This is the result of the research soon to be published in the renowned scientific magazine The Plant Cell. The scientists expect that this knowledge will allow plants to be applied more often in the production of therapeutic proteins, an important type of medicine.
The discovery fits in with technology developed by the Wageningen UR research institute Plant Research International for the production of biopharmaceuticals in plants.
Proteins in plants, animals and people are equipped with various sugar chains in a process known as glycosylation. The sugar chains are of significance to the functioning of many proteins. Moreover, their identity and uniformity is crucial to the quality of therapeutic proteins.
The glycosylation of proteins in plants, people and animals basically consists of three stages. Initially sugar chains are constructed, which then attach to the protein in specific locations. Finally, the sugar chains are further modified as specific sugars are attached to the chain.
“We are the first institute in the world to identify a gene in plants that is involved in the construction of these sugar chains, the first stage in glycosylation,” says scientist Maurice Henquet. “It seems that the chains become increasingly uniform as the expression of this gene is reduced.” One type of chain, a relatively simple one, is mainly developed. The sugar chains which are attached to the proteins are therefore a better starting point for making adjustments that are designed to optimise the biological function as medicine.
“From now on we will be able to improve the manipulation of glycosylation,” Henquet continues. “And plants will become even more suitable for medicine production.”
Jac Niessen | alfa
Turning carbon dioxide into liquid fuel
06.08.2020 | DOE/Argonne National Laboratory
Tellurium makes the difference
06.08.2020 | Friedrich-Schiller-Universität Jena
Scientists at the Fraunhofer Institute for Laser Technology ILT have come up with a striking new addition to contact stamping technologies in the ERDF research project ScanCut. In collaboration with industry partners from North Rhine-Westphalia, the Aachen-based team of researchers developed a hybrid manufacturing process for the laser cutting of thin-walled metal strips. This new process makes it possible to fabricate even the tiniest details of contact parts in an eco-friendly, high-precision and efficient manner.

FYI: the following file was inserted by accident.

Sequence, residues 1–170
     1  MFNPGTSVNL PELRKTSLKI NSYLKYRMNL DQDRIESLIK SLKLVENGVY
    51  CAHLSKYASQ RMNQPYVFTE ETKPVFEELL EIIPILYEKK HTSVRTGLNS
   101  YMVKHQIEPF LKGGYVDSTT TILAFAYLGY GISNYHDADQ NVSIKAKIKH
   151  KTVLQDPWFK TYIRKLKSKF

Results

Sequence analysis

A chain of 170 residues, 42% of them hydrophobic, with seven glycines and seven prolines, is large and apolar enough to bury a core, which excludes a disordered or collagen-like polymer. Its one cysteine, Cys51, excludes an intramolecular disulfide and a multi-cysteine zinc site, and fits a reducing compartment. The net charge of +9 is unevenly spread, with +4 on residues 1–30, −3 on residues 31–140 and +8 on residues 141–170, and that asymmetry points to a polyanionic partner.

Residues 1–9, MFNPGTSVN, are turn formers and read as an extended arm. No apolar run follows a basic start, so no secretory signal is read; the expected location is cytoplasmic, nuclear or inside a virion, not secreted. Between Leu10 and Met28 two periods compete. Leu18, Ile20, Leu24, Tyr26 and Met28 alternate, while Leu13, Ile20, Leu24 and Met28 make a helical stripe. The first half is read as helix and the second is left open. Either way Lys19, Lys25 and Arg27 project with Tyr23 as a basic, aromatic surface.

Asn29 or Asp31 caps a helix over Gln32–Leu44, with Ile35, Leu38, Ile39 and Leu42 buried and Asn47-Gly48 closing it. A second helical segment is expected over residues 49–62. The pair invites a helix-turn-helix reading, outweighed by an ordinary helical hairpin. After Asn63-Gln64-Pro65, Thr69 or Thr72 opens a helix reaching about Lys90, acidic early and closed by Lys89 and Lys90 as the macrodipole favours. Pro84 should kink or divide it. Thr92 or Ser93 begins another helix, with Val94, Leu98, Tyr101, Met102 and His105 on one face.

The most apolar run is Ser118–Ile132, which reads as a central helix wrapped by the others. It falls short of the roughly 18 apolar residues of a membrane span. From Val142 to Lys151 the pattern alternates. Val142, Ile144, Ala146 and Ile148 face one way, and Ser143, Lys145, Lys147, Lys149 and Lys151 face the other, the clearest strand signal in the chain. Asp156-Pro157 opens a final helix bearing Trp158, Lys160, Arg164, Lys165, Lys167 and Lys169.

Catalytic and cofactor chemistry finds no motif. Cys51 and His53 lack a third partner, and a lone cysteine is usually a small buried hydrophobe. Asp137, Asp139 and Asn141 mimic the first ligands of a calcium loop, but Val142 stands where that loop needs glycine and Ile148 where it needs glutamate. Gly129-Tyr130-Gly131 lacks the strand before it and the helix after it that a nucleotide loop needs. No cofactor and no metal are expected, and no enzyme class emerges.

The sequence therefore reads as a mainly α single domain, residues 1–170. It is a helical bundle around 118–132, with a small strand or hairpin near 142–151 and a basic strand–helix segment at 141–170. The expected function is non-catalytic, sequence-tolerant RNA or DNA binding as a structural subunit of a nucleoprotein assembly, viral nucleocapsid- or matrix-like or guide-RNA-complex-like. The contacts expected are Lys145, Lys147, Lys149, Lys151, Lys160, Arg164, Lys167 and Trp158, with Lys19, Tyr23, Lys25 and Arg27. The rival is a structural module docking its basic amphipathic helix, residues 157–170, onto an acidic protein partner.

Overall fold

Plug connectors are tiny and, at first glance, unremarkable – yet modern vehicles would be unable to function without them. Several thousand plug connectors...
An international research team has found a new approach that may be able to reduce bone loss in osteoporosis and maintain bone health.
Osteoporosis is the most common age-related bone disease which affects hundreds of millions of individuals worldwide. It is estimated that one in three women...
Traditional single-cell sequencing methods help to reveal insights about cellular differences and functions - but they do this with static snapshots only...
“Core-shell” clusters pave the way for new efficient nanomaterials that make catalysts, magnetic and laser sensors or measuring devices for detecting electromagnetic radiation more efficient.
Whether in innovative high-tech materials, more powerful computer chips, pharmaceuticals or in the field of renewable energies, nanoparticles – smallest...
An international research team with Prof. Cornelia Denz from the Institute of Applied Physics at the University of Münster develop for the first time light fields using caustics that do not change during propagation. With the new method, the physicists cleverly exploit light structures that can be seen in rainbows or when light is transmitted through drinking glasses.
Modern applications as high resolution microsopy or micro- or nanoscale material processing require customized laser beams that do not change during...
23.07.2020 | Event News
21.07.2020 | Event News
07.07.2020 | Event News
06.08.2020 | Earth Sciences
06.08.2020 | Power and Electrical Engineering
06.08.2020 | Life Sciences